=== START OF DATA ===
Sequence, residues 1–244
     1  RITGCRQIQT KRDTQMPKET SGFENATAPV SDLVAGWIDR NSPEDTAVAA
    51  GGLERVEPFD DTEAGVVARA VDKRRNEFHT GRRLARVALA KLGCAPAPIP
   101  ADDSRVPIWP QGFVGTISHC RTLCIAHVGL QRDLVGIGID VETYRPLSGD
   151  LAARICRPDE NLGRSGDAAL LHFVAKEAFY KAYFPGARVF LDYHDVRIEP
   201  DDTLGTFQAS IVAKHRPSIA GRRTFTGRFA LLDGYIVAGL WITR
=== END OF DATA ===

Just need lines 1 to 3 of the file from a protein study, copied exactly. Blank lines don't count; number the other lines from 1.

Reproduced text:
Sequence, residues 1–244
     1  RITGCRQIQT KRDTQMPKET SGFENATAPV SDLVAGWIDR NSPEDTAVAA
    51  GGLERVEPFD DTEAGVVARA VDKRRNEFHT GRRLARVALA KLGCAPAPIP